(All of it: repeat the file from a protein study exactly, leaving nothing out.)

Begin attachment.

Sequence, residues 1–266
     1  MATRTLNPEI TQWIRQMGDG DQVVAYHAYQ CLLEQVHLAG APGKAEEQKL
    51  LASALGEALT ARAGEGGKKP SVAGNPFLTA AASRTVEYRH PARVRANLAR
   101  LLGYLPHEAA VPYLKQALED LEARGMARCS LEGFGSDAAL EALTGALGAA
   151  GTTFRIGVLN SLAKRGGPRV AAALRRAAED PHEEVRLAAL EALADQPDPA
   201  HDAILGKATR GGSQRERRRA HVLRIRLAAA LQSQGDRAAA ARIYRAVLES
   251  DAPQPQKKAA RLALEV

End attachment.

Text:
Sequence, residues 1–266
     1  MATRTLNPEI TQWIRQMGDG DQVVAYHAYQ CLLEQVHLAG APGKAEEQKL
    51  LASALGEALT ARAGEGGKKP SVAGNPFLTA AASRTVEYRH PARVRANLAR
   101  LLGYLPHEAA VPYLKQALED LEARGMARCS LEGFGSDAAL EALTGALGAA
   151  GTTFRIGVLN SLAKRGGPRV AAALRRAAED PHEEVRLAAL EALADQPDPA
   201  HDAILGKATR GGSQRERRRA HVLRIRLAAA LQSQGDRAAA ARIYRAVLES
   251  DAPQPQKKAA RLALEV